Last Saturday, Nesso Indonesia held a Pre-departure Briefing for hundreds of Indonesian students who are going to study in the Netherlands this Fall semester. Most of them will be leaving by August or by early September the latest. How exciting it must be to begin a new adventure as a student in a foreign country!
August and September are the perfect time for us Indonesian to adjust to Holland’s weather, since the temperature won’t be so much different (imagine how tough it must be for my Indonesian friend who moved from our tropical weather in Indonesia to the frozen Albany NY in January, when we were at minus 20 Celsius!).
So the temperature difference is not a major concern in regards to the very first adjustments. What about one of the traveler’s worst enemy, the Jet Lag? Well, considering that we are not just crossing continents but also time zones, I guess that’s unavoidable. Indonesia is around 6 hours ahead of Holland’s time, so the body clock will definitely needs some time for synching to the new time zone. But as thousands of articles on tips to fight jet lag said, you can minimize the effect by trying to adapt to the local time and eat or sleep accordingly.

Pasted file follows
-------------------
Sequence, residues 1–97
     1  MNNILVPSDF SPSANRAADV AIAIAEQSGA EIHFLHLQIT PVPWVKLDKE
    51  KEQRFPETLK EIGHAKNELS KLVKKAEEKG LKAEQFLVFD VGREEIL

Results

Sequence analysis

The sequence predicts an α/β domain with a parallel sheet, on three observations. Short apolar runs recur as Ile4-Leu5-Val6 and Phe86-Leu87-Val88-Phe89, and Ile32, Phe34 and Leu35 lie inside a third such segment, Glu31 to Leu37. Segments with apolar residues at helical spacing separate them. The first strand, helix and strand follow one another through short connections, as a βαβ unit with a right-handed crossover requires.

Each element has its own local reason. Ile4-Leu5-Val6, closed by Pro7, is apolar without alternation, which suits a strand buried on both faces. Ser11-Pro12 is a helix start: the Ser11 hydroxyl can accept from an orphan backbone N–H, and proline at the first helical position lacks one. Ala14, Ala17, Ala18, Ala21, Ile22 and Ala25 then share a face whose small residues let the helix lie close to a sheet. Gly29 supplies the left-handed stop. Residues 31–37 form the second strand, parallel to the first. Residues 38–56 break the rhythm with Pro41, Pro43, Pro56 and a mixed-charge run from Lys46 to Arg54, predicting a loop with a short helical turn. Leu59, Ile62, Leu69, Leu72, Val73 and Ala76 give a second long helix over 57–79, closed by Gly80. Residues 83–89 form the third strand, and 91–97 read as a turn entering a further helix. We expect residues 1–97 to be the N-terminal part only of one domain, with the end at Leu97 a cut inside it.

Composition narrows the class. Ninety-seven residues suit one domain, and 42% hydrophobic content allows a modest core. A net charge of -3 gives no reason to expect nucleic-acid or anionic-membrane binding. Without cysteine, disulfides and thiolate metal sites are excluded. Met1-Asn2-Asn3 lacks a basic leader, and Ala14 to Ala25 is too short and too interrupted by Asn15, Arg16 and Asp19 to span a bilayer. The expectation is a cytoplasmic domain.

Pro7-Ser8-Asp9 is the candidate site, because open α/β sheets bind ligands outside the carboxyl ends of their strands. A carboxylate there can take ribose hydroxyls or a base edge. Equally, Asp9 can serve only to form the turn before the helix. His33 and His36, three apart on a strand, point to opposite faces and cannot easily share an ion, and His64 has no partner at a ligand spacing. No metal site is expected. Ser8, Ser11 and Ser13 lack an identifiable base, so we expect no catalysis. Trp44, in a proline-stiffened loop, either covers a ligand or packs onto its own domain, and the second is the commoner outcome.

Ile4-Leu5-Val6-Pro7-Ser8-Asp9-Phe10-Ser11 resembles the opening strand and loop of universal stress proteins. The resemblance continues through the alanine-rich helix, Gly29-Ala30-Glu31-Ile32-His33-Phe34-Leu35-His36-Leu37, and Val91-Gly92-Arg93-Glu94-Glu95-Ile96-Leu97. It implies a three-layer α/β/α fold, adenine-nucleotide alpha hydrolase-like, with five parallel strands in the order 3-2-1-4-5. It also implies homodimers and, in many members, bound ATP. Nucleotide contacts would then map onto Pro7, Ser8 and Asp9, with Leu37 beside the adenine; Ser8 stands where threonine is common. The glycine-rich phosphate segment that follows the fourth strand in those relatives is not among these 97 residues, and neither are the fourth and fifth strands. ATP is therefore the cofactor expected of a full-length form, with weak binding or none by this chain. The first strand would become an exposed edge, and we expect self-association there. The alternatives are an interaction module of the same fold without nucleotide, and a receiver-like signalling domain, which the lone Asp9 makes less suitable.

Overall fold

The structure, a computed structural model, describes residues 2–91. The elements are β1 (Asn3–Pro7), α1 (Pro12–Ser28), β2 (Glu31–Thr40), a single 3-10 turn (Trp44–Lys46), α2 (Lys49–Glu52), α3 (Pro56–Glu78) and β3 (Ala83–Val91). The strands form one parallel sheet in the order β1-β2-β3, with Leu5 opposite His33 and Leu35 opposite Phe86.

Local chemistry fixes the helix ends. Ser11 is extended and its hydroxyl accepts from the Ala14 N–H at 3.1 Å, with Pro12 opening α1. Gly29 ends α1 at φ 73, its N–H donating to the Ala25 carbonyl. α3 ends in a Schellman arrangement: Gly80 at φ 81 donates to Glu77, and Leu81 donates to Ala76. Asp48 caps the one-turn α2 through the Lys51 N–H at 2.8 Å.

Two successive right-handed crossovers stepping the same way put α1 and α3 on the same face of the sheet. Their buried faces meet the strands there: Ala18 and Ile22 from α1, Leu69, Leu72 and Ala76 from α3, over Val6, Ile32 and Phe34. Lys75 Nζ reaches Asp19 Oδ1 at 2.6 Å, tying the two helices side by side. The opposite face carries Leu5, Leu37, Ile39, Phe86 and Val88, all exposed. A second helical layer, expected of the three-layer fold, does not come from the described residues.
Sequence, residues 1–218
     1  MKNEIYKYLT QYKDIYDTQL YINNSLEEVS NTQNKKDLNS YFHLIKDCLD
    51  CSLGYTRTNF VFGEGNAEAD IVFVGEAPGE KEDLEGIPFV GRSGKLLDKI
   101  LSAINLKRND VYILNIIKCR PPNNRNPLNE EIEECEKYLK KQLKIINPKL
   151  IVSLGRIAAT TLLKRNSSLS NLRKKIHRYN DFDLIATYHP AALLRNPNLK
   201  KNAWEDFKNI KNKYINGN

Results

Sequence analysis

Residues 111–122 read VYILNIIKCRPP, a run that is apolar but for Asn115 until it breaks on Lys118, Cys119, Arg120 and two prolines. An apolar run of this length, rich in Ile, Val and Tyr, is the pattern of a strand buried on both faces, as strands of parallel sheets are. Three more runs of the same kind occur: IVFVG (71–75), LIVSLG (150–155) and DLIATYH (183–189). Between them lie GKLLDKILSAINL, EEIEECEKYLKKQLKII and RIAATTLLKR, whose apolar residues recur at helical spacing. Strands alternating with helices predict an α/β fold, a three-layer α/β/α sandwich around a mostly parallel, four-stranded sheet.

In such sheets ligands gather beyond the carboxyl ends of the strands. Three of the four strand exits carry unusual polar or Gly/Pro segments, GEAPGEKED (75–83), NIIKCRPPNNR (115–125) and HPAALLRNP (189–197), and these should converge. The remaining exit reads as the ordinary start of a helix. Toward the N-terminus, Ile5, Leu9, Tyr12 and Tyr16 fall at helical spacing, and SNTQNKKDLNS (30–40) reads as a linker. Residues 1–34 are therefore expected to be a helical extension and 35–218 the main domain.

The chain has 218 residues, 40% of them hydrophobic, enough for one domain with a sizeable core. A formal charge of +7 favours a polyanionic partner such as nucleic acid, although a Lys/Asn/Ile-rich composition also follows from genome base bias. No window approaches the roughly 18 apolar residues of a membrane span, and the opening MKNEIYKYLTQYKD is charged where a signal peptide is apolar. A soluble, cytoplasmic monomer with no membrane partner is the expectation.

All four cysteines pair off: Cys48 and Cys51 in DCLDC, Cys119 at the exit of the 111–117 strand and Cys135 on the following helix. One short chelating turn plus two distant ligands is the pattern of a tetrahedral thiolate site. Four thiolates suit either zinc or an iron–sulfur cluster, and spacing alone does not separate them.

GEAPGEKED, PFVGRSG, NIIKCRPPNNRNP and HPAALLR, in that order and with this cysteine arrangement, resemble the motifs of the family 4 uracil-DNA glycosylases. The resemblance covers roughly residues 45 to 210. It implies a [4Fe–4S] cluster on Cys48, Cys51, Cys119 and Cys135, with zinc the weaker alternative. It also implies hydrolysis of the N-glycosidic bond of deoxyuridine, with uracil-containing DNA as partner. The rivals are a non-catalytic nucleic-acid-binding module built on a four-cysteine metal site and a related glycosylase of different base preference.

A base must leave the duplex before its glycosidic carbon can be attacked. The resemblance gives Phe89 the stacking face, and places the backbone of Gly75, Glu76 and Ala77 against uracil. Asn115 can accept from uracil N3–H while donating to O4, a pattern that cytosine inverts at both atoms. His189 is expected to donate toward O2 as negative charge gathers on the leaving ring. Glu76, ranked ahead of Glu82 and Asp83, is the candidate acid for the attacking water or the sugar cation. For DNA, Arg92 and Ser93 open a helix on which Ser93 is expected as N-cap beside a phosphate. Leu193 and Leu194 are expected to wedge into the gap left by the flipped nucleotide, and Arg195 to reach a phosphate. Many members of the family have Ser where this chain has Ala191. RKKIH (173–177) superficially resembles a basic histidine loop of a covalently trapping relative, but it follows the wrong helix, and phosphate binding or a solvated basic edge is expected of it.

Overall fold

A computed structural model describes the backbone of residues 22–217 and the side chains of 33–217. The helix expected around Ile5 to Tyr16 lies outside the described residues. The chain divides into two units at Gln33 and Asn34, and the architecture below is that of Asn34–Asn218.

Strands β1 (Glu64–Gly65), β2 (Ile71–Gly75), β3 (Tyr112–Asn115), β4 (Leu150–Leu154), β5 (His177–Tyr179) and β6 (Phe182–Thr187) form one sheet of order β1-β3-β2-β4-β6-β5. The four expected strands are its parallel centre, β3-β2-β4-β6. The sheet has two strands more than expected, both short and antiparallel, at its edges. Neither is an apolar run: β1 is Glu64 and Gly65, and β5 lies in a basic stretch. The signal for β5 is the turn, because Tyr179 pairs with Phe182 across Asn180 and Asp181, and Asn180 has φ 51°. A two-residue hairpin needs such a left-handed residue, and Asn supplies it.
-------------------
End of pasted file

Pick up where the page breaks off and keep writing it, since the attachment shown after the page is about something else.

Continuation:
If you’re a scholarship-funded student, it’s likely that you will be traveling with airlines such as KLM or Malaysian Airlines. Most of these airlines will be departing from Jakarta in early evening and arrived in Schiphol the next morning around 6 or 7AM. That means if you want your body to adapt to the local time, you’ll have one full day when you have to stay awake, no matter how sleepy you are. How do you do it? Let me share the things that I did to beat the jet lag, as I remember I was pretty successful in dealing with it:
- Yes, you’ll be excited, sad, or nervous at the same time. But try to get some sleep during your flight, since you’ll need the energy for the next day. If you’re going to study at ISS Den Haag, don’t worry about what you’ll do once you get to the airport, there will be a lot of Indonesian “old-batch” students to pick you up and help you carry your heavy luggage.🙂 Not only that, they will also show you where to buy the train ticket, travel with you to Den Haag, and even prepare you a breakfast – not with broodje but with rice!🙂
- Okay, so now you’re in Den Haag (welkom!). After the breakfast you’ll probably go to the campus soon to get your dorm key. There are different buildings for ISS students housing (you don’t get to pick which one you want, but they are all okay and you can choose to live off-campus later on.)
- Now you’re in your room. You drop your luggage, wash your face, inspecting the room (yes, it’s furnished!), peeking out the window to see the view, enjoying the fresh fruit prepared for you as a greeting from the Student’s Welfare office… Ah, you are starting to feel comfortable. And there, you see the bed! It’s not big but it’s clean, that soft spongy cushy bed! You are tempted to sleep. But nooooo… don’t give in. You have to decide to do something in this crucial time. Here are the options: